Do you need to do left shoulder checks every time before you turn left? It’s a question we get here a lot. The short answer is maybe. Normally you need to do right shoulder checks for right turns, but not necessarily left shoulder checks before left turns. And let me just say that driving instructors everywhere don’t agree on the answer to this question, so take everything here with a grain of salt.
Right shoulder checks are essential before turning right to ensure it is safe for pedestrians and cyclists. There could be a number of different road users in your blind spot area. Can we say the same thing about left turns, and left shoulder checks?
Right Shoulder Checks for Right turns
Normally you can simply look out your driver’s side window and check the pedestrian area to your left before turning.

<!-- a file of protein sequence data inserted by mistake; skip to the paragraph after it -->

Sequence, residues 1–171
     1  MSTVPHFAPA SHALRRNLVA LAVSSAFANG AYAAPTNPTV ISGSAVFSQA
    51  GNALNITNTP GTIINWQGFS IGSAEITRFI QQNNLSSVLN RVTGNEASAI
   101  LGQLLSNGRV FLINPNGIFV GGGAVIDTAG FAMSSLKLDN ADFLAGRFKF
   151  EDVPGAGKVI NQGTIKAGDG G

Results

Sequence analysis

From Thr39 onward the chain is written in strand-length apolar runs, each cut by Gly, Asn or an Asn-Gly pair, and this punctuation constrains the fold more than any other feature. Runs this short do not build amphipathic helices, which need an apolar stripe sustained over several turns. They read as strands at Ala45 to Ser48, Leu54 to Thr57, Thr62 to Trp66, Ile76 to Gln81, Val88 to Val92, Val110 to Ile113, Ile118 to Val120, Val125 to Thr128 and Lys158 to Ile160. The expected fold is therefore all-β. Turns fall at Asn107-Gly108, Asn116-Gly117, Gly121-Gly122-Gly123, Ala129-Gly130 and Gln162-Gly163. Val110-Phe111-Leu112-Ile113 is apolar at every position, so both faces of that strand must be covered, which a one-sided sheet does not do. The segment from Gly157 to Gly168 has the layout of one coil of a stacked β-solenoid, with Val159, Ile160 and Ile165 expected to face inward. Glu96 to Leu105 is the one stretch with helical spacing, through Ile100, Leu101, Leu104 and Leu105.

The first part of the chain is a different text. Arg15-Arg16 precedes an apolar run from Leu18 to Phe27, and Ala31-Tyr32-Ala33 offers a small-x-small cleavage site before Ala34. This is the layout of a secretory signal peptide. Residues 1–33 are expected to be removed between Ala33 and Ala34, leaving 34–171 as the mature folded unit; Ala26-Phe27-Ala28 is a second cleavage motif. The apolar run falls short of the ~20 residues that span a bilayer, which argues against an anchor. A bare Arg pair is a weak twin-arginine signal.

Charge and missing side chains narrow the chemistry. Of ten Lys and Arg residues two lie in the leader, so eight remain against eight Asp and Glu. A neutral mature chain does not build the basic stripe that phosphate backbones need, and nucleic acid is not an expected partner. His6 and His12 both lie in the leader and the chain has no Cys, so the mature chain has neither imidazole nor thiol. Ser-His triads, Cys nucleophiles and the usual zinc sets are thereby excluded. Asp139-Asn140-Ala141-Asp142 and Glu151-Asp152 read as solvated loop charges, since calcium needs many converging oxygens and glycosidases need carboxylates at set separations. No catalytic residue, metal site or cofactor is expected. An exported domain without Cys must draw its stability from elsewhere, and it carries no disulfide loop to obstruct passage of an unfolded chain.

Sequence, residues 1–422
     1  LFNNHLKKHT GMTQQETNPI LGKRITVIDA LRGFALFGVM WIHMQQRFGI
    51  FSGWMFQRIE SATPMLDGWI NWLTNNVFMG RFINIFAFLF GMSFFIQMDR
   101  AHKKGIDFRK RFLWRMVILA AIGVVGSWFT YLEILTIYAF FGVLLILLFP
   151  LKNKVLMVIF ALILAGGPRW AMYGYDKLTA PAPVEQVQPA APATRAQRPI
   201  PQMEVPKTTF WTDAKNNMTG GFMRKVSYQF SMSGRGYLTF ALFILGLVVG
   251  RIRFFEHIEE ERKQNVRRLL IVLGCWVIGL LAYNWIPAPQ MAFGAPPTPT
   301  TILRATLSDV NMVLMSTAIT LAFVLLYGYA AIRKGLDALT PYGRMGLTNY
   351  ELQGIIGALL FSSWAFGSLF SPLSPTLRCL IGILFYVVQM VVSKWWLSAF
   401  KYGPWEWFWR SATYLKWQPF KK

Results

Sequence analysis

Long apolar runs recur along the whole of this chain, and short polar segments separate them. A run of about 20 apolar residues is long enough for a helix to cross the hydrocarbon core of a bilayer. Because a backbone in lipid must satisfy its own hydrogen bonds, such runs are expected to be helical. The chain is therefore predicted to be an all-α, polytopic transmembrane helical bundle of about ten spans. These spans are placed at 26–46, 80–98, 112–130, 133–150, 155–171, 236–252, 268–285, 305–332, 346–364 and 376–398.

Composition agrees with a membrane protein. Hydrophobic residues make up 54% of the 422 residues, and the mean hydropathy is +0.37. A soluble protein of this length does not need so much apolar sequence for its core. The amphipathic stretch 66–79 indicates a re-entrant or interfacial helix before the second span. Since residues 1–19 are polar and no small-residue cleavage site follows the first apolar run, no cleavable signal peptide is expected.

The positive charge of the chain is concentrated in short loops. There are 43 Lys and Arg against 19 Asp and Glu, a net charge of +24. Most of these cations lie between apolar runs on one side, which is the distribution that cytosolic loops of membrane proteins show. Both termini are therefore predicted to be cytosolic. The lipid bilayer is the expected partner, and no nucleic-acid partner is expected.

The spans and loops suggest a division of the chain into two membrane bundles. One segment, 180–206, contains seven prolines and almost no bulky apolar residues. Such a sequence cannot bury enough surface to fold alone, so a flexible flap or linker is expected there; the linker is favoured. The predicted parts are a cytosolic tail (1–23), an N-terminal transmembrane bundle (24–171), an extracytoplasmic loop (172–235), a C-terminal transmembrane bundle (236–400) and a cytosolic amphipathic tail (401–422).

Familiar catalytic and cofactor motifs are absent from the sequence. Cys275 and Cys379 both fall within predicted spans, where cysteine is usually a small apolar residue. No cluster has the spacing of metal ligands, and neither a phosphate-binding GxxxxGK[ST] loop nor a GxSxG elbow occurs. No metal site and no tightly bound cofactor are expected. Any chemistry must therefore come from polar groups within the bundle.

ICBC driver examiners do not require you to do left shoulder checks before turning left.
Most experienced drivers do not do them either. But for sure you could do them if you feel it’s important. It depends on your particular blind spot (different vehicles curse us with different blind spots) and particular intersection visibility.
If you’re driving in a crazy place, such as downtown Vancouver, then I would say you would for sure need to do them.
So it just all depends. You really need to think about where you are as a driver and determine whether you think you need one.
Left turn Shoulder Checks
*It never hurts to do a left shoulder check before turning. There have been collisions where one vehicle attempts a left turn at the same time as the vehicle behind it attempts to pass it.
Can these types of collisions be prevented by more attentive mirror-checking, or is a left-shoulder check always essential?
Personally I hardly ever do a left shoulder check before doing a left turn, and I hardly ever see other drivers do one either. But, maybe I’m driving in suburbia where it’s a bit more chill compared to downtown Vancouver.
I think that maintaining a 360 degree awareness of what’s going on around us at all times is one of the best ways to prevent those types (and other types) of collisions.